The continued rise of SaaS-delivered IT service management

Last week, BMC announced its IT service management (ITSM) on-demand solution and quietly delivered the Winter 2010 release of its SaaS for IT service automation offering. As expected with a true SaaS solution, the upgrade was delivered to customers with no downtime and all customisations preserved. Looking forward, Ovum has no doubt that SaaS ITSM solutions will continue to steal market share from their on-premise siblings, as evidenced by the recent announcement of PepsiAmericas as a customer.

SaaS delivery of ITSM capabilities will forever change the ITSM software landscape

SaaS continues to gain much publicity and vendor backing, and a growing corporate acceptance as an immediate opportunity to quickly and flexibly deliver business-enabling IT services at a lower cost. The ITSM tool market is rapidly filling up with SaaS-delivered solutions from SaaS-only vendors, new dual-play vendors and traditional ITSM vendors adding SaaS versions of existing ITSM offerings, as evidenced by BMC’s announcement of controlled availability for BMC Remedy ITSM Suite On Demand. After the functionality and capability additions necessitated by the move from ITIL V2 to V3 in 2007, the SaaS delivery of ITSM-enabling capabilities is the biggest shift in the ITSM product landscape in the last five years, and it is quickly gaining traction.

SaaS is a good fit with ITSM enablement, with ITSM a low-risk entry point for organisations seeking to ‘experiment’ with SaaS

A major benefit of SaaS for ITSM is that it is aimed directly at the heart of the now commonly overstretched IT function – scarce IT resources can be redirected away from internal IT systems to focus on the delivery of business-critical IT services. However, for many organisations the key benefit of SaaS is its simple, subscription-based pricing model – usually a cost per month (or year) per user that covers everything needed to operate, including support and maintenance. This provides a lower and consistent level of expenditure that is opex rather than a capex investment. However, a lack of clarity over the meaning of SaaS can cause problems for procuring organisations. While the transferral of the application, hardware, and support and maintenance activity to the vendor and a better TCO scenario are relatively black or white issues, there is an area of greyness to traverse related to the technology that sits behind the ‘vendor curtain’. A SaaS solution must be architected such that the customer is able to self-customise its ‘application instance’, with these customisations preserved through what should truly be an effortless upgrade process. Without these facilities, the SaaS business case is not so compelling.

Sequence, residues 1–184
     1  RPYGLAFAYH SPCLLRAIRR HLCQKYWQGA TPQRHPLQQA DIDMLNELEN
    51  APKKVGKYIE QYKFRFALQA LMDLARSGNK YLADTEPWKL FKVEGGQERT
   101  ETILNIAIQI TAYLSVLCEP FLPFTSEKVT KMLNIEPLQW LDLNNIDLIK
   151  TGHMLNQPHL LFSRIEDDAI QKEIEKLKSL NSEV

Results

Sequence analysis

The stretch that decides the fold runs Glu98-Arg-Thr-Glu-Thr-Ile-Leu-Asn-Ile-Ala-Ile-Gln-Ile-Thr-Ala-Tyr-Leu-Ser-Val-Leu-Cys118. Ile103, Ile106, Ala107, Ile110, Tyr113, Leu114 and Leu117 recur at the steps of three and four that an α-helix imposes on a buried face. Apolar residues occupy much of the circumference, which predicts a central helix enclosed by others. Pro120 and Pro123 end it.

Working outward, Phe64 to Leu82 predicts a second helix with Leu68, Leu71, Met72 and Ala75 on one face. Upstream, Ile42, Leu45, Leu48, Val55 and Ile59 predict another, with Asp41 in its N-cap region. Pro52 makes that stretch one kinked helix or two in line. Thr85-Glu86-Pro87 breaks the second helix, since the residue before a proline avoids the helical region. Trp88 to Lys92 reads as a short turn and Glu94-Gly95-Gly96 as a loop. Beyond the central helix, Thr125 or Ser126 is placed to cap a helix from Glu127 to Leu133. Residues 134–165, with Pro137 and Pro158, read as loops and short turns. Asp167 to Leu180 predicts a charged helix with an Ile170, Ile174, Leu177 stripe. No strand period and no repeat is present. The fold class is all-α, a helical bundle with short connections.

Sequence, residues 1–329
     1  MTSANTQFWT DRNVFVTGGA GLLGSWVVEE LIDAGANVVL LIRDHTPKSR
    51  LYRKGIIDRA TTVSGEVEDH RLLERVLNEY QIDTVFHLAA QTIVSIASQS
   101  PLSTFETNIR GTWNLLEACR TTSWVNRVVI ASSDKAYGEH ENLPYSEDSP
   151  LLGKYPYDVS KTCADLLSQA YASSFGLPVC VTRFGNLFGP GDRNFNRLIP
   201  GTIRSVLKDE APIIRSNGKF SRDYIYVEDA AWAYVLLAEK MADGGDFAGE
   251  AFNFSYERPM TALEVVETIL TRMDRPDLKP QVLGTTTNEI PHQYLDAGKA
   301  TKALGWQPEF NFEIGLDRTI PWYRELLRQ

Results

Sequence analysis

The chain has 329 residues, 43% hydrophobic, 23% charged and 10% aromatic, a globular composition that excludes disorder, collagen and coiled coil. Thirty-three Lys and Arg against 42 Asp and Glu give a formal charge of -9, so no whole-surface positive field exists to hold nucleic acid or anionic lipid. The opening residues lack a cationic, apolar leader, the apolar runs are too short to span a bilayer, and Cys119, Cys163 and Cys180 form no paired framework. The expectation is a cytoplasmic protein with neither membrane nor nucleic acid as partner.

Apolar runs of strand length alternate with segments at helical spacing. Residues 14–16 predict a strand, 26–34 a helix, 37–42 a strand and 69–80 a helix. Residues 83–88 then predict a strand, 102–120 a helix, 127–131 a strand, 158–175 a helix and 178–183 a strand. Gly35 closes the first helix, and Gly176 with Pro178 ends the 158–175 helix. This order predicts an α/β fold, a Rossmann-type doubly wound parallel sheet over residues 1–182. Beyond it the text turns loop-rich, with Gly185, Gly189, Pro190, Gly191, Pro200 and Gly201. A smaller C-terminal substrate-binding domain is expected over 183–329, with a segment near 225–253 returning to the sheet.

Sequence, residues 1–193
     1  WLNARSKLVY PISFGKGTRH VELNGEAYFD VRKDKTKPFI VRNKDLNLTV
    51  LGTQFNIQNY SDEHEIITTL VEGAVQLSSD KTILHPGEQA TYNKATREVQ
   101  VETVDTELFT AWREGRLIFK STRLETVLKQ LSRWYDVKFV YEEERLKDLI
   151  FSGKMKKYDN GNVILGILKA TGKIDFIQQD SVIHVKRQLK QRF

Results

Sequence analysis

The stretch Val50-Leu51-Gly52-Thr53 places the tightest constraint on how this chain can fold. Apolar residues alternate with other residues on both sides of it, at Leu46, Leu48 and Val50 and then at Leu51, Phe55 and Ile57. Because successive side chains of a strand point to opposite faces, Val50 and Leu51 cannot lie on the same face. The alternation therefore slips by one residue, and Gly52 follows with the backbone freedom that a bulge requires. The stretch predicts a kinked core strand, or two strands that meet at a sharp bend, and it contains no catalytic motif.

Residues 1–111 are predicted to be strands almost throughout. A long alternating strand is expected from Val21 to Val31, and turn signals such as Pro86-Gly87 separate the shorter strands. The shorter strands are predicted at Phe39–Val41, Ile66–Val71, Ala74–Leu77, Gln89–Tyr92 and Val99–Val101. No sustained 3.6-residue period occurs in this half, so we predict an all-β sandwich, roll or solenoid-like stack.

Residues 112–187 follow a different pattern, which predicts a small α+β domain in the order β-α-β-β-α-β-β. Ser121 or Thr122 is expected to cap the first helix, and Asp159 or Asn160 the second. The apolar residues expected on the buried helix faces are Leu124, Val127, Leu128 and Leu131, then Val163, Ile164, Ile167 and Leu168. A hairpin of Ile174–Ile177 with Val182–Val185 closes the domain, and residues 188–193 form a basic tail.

SaaS ITSM vendors will continue to catch traditional on-premise solutions in terms of product functionality

SaaS vendors often have multiple releases per annum, compared to the 12- or 18-month release cycles for on-premise tools. As a snapshot in time, has 11 ITIL v3 processes with PinkVERIFY certification, compared to BMC’s 11 and CA’s 14. Its Winter 2010 release does not include support for any new ITIL v3 processes, but it does deliver key functionality and new features requested by its growing customer base. However, its Spring 2010 release will organically develop and deliver new applications, such as run book automation, field service, more shared services and project portfolio management, to complement and enhance existing capabilities.

It’s not just SMEs buying into ITSM on demand

BMC is a key player in the enterprise ITSM tool marketplace, with its Service Desk Express Suite and Remedy ITSM Suite offerings making it the IT service desk market leader in terms of installed customer base. Its shift into SaaS is a shrewd, if not necessitated, move given both the increasing enterprise customer interest in SaaS-delivered ITSM capabilities and the frequent customer migration from an on-premise to SaaS delivery model. To demonstrate the enterprise-level credentials of SaaS ITSM offerings,’s latest high-profile customer addition, PepsiAmericas, serves more than 200 million customers in 17 different countries in North and Central America, the Caribbean, and Central and Eastern Europe, with 20,000 employees generating $4.9 billion in annual revenues. It joins a number of large corporate additions to’s customer base at the end of 2009 that have migrated from on-premise to SaaS-delivered ITSM.

Originally published at


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